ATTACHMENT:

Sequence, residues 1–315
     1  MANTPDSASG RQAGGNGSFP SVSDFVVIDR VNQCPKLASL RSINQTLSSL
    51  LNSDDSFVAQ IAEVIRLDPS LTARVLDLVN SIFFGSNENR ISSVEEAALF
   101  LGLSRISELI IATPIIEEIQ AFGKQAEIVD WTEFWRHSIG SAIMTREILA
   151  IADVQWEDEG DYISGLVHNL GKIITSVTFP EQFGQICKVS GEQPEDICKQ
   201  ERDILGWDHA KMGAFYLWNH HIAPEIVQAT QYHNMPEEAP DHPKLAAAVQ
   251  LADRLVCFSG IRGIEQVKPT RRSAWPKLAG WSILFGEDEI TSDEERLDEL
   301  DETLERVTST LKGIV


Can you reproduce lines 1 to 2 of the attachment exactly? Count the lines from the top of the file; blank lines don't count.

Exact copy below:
Sequence, residues 1–315
     1  MANTPDSASG RQAGGNGSFP SVSDFVVIDR VNQCPKLASL RSINQTLSSL